The FDA-authorized COVID-19 vaccine from Moderna and Pfizer require two doses for full immunity, but healthcare officials are weighing whether to delay the second doses or to halve the recommended dose in order to reach more people.
Operation Warp Speed chief adviser Moncef Slaoui said there is evidence that two half doses in people between the ages of 18 and 55 gives “identical immune response” to the recommended one hundred micorogram dose, but said the final decision will rest with the FDA.
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According to Reuters, the CDC reports 4,225,756 first doses of COVID-19 vaccines have been administered in the US and (as of Saturday morning) and 13,071,925 doses have been delivered.
There are an estimated 331 million people living in the United States.
Former FDA Commissioner Scott Gottlieb on Monday told CNBC that administering one dose to the younger cohort, which are typically more resilient against the virus, would “certainly extend the supply.”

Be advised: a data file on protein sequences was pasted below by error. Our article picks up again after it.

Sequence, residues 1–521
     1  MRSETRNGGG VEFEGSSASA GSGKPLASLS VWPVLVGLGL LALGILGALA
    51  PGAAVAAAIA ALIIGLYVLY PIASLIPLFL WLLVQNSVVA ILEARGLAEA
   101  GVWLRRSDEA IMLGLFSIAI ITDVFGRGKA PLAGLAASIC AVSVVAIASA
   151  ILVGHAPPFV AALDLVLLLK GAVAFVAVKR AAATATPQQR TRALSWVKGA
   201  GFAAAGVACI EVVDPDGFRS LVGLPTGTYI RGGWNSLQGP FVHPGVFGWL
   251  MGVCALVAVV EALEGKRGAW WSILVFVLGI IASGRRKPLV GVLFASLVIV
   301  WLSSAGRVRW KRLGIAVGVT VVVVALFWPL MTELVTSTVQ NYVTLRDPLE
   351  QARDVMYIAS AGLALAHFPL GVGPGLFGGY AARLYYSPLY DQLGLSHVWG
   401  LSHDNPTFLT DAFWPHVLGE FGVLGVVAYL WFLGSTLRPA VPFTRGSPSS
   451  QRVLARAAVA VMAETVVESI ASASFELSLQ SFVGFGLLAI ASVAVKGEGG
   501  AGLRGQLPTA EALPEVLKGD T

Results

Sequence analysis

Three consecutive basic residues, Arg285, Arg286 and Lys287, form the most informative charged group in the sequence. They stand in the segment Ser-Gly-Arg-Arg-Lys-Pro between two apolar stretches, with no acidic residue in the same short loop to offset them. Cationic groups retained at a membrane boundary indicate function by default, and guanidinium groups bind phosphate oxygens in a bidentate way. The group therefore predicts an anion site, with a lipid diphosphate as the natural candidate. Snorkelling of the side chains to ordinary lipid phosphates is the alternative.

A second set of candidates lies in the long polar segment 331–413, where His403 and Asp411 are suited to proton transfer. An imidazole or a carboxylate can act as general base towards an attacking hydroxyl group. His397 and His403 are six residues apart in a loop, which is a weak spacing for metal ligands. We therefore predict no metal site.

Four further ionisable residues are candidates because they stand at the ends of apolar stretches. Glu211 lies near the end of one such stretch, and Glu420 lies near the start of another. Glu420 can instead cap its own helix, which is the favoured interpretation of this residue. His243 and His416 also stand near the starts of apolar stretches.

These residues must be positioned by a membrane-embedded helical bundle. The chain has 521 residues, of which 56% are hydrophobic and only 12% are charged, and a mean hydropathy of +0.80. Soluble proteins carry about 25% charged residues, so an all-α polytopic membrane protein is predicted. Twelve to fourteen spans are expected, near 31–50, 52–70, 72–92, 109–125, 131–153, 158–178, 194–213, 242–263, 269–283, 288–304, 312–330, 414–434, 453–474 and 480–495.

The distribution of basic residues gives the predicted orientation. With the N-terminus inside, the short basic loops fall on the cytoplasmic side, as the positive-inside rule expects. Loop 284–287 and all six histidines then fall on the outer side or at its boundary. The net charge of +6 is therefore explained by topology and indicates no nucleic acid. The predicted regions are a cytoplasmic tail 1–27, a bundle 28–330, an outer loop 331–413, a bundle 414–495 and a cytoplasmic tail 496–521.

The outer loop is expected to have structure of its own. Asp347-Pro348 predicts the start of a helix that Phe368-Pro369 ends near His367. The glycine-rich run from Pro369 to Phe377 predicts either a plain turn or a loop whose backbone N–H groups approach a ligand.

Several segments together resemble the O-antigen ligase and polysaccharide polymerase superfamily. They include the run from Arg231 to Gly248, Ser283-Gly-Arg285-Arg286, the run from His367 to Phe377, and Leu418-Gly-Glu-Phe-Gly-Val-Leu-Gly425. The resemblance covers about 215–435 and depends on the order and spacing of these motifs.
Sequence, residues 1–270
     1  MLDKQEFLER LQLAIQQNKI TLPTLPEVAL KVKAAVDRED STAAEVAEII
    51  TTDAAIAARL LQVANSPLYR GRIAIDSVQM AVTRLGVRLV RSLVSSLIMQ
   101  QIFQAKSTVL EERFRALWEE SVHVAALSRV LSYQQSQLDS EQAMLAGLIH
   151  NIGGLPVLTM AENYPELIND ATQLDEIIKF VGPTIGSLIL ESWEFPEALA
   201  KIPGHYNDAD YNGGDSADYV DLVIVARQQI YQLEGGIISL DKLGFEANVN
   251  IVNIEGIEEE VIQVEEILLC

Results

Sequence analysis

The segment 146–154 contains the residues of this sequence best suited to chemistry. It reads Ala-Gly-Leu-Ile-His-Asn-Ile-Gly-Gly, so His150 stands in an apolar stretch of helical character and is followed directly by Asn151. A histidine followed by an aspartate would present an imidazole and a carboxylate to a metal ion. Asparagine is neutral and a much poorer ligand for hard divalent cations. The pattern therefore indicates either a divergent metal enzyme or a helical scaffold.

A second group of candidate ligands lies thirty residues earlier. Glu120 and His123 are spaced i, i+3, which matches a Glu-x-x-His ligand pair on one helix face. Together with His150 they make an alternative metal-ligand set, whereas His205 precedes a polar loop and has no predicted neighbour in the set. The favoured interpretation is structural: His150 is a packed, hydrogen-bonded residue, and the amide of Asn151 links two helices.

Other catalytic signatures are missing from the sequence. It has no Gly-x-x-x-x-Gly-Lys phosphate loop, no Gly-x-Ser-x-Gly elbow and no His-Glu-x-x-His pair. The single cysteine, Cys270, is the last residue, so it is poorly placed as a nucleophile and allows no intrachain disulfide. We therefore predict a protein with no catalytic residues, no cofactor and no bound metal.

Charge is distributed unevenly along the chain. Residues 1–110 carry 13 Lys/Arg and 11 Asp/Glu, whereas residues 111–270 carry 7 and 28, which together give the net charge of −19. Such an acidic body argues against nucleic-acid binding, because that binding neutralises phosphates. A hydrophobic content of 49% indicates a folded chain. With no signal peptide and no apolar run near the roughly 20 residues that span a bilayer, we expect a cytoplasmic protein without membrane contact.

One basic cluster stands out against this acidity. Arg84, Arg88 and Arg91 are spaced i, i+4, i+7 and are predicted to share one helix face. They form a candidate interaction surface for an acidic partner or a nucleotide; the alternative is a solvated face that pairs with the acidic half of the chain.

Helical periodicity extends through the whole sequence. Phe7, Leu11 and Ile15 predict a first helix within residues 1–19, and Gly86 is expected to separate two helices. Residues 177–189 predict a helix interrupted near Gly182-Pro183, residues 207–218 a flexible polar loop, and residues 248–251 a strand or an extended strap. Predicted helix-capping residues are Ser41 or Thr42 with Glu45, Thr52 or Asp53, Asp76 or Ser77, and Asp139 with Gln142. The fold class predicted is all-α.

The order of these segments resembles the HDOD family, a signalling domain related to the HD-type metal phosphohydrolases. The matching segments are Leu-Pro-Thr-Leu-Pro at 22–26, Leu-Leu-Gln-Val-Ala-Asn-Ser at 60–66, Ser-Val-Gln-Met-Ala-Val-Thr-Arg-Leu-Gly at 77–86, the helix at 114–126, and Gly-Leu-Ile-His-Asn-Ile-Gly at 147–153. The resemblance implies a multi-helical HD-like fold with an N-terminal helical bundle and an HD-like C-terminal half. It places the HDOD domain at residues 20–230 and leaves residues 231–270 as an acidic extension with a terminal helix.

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Meanwhile, UK health officials are delaying the second recommended dose of their available vaccines in order to inoculate more people.
Health experts have conditionally backed the UK’s decision to delay administering a second dose of the coronavirus vaccine developed by Pfizer and BioNTech, warning that the need to suppress the new coronavirus strain “cannot be overstated.” It comes shortly after the UK said second doses of the Pfizer-BioNTech jab, in addition to the newly-approved COVID-19 vaccine developed by AstraZeneca and the University of Oxford, would now be given up to 12 weeks after the first dose.
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